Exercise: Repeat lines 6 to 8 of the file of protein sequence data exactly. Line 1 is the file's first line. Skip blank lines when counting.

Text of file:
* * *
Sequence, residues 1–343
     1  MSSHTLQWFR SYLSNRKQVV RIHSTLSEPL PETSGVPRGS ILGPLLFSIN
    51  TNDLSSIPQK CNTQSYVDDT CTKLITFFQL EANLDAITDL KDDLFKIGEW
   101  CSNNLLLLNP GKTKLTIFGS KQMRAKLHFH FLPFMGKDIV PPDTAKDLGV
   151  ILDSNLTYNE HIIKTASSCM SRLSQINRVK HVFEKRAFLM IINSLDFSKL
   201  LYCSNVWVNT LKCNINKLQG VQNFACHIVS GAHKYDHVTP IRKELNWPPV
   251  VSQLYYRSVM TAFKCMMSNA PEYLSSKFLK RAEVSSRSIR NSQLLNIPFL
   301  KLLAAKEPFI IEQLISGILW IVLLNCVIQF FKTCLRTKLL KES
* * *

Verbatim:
   201  LYCSNVWVNT LKCNINKLQG VQNFACHIVS GAHKYDHVTP IRKELNWPPV
   251  VSQLYYRSVM TAFKCMMSNA PEYLSSKFLK RAEVSSRSIR NSQLLNIPFL
   301  KLLAAKEPFI IEQLISGILW IVLLNCVIQF FKTCLRTKLL KES